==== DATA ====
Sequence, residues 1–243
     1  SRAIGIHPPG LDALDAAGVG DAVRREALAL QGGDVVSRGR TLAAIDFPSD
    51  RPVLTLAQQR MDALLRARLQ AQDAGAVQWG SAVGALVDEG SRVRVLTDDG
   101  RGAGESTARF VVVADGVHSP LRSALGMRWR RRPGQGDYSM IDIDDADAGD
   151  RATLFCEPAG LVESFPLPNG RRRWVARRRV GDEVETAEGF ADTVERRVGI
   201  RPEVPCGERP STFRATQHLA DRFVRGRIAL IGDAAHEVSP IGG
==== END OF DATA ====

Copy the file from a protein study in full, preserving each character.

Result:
Sequence, residues 1–243
     1  SRAIGIHPPG LDALDAAGVG DAVRREALAL QGGDVVSRGR TLAAIDFPSD
    51  RPVLTLAQQR MDALLRARLQ AQDAGAVQWG SAVGALVDEG SRVRVLTDDG
   101  RGAGESTARF VVVADGVHSP LRSALGMRWR RRPGQGDYSM IDIDDADAGD
   151  RATLFCEPAG LVESFPLPNG RRRWVARRRV GDEVETAEGF ADTVERRVGI
   201  RPEVPCGERP STFRATQHLA DRFVRGRIAL IGDAAHEVSP IGG